Arsene Wenger says English football’s chances of introducing safe standing to Premier League terraces is suffering as a consequence of the regular crowd trouble at West Ham United’s home games.
The Hammers have struggled to keep rival fans separate since moving to their new home at the former Olympic Stadium with Chelsea fans complaining that coins and chairs had been thrown in their direction during Wednesday night’s EFL Cup game.
Asked about the situation at his pre-Sunderland press conference, Wenger stressed that he doesn’t feel hooliganism has returned but noted it doesn’t look great when arguing in favour of such an emotive issue as standing at games.
“I’m surprised [by the scenes], even more than I’m disappointed. West Ham has usually a very strong fan base, very motivated. As well we are not used in England to face this kind of problems anymore.
“Personally, I’m in favour of the resurgence of standing opportunities behind the goals and that [the trouble] is not a very good advert to come back to standing opportunities for people in the stands. I’m surprised and hopefully West Ham will get rid of the problem very quickly.
“Yes, of course [it’s a setback for safe standing]. It’s against completely and gives an argument to the people who are against it.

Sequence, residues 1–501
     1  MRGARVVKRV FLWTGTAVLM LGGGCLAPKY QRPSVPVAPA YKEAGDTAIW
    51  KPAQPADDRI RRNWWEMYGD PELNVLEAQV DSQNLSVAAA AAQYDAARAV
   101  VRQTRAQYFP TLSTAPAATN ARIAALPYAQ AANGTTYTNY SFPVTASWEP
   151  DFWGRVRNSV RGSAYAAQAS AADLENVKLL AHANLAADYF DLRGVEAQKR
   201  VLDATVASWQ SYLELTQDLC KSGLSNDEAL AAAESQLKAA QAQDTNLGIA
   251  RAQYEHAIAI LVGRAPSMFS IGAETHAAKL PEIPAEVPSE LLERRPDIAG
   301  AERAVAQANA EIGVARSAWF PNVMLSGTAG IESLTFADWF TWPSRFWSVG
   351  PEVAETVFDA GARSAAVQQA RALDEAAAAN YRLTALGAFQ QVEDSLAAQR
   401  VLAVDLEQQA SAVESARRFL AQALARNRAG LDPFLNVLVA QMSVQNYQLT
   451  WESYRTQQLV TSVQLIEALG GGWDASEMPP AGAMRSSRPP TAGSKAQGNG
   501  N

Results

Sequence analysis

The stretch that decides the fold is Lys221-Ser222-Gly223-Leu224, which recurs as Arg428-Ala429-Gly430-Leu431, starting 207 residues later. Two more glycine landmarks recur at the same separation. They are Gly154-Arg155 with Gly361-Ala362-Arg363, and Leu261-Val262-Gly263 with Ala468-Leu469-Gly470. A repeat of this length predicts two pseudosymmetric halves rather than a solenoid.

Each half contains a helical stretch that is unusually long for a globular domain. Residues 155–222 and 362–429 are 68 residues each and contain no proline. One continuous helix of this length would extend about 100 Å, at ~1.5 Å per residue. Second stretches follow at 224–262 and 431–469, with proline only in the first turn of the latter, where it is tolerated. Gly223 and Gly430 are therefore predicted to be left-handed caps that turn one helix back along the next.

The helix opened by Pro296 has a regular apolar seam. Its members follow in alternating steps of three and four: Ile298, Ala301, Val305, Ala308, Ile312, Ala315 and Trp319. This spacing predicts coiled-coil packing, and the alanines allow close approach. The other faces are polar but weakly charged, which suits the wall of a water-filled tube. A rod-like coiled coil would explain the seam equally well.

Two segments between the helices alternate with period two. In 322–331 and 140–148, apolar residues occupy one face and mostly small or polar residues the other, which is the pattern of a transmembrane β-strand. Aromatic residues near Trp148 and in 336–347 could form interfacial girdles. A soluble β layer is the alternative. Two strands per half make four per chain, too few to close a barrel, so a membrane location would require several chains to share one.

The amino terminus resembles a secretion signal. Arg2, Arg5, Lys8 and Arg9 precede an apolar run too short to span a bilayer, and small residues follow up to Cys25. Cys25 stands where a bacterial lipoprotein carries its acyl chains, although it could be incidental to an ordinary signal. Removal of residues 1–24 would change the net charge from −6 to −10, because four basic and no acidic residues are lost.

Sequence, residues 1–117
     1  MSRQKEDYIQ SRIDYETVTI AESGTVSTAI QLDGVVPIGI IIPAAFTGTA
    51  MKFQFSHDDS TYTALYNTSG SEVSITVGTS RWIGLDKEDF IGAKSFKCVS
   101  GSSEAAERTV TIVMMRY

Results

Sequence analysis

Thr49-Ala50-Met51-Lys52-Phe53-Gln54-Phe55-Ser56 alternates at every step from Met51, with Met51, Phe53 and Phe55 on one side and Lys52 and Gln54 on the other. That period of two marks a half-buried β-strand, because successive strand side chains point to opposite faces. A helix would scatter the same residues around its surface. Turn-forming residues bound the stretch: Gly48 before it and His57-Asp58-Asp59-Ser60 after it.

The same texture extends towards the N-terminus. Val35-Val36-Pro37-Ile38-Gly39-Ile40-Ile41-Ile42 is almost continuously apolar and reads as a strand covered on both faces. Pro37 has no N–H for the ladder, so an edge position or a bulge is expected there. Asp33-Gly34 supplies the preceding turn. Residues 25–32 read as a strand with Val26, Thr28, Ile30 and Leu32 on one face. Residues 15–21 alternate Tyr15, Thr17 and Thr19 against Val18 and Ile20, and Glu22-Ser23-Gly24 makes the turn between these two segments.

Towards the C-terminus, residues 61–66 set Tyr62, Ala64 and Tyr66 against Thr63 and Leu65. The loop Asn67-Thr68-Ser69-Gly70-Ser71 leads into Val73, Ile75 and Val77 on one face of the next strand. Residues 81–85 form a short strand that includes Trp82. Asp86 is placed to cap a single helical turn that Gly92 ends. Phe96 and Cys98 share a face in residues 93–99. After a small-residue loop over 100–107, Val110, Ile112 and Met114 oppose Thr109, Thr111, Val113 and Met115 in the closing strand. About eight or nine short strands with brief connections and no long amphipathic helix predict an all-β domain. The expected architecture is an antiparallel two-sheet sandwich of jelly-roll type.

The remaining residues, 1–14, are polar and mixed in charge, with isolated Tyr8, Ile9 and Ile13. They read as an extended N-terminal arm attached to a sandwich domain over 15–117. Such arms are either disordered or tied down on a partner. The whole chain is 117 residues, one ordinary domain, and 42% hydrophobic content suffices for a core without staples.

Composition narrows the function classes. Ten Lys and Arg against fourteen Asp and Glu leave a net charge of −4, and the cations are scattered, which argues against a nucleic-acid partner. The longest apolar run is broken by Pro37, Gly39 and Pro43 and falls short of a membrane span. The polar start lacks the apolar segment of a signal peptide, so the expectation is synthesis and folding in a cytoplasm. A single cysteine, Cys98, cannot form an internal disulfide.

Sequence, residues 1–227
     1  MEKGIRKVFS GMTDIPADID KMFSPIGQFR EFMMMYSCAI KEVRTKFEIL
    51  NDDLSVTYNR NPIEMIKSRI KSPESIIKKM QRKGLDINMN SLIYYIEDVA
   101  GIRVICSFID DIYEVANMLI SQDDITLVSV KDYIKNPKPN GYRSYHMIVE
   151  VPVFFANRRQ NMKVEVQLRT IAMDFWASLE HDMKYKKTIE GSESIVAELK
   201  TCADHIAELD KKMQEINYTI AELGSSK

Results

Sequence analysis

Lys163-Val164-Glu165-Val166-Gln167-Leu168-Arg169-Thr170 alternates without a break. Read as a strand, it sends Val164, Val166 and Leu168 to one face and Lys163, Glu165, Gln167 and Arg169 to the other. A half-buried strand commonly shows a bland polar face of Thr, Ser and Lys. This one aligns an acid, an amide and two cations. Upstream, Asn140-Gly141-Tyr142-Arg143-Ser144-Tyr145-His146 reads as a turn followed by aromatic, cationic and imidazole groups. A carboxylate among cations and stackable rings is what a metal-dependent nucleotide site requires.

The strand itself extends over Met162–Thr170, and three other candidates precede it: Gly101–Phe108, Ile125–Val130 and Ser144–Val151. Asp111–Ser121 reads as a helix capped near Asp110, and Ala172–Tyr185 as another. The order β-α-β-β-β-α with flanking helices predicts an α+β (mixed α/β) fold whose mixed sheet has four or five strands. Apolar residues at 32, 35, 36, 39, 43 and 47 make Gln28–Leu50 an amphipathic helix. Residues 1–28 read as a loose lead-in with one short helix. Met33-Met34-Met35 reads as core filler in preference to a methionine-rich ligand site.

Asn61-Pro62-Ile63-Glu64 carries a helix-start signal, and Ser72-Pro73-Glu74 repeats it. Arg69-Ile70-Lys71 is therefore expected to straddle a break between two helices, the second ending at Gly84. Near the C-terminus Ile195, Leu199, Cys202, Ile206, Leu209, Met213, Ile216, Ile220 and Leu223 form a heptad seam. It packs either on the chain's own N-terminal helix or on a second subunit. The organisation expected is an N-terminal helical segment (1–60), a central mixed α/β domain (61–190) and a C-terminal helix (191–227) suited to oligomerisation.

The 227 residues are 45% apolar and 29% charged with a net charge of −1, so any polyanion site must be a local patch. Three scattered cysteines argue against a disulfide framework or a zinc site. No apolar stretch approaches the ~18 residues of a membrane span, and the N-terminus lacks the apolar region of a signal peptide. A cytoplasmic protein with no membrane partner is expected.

On whether he feels games could be played behind closed doors as a punishment for teams who fail to control their supporters, Wenger noted: “No, there is nothing more dull than that. I prefer not to play, than play games behind closed doors.”
Arsenal have repeatedly hinted that they would be in favour of introducing a standing area at the Emirates should the game’s authorities be persuaded that it can done safely. Across Europe – most recently at Celtic – club’s have created standing areas using versatile rail seating.
“I believe the closer you are to the position of the players, the more passionate you are,” added Wenger.
“As well, it would allow us to have lower prices. You could get more spectators inside the stadiums and a more passionate atmosphere.
“I don’t believe there is a problem with hooliganism in England. You cannot say that one minor incident, I’ve heard it’s about 200 people [involved], is a general problem in the country.”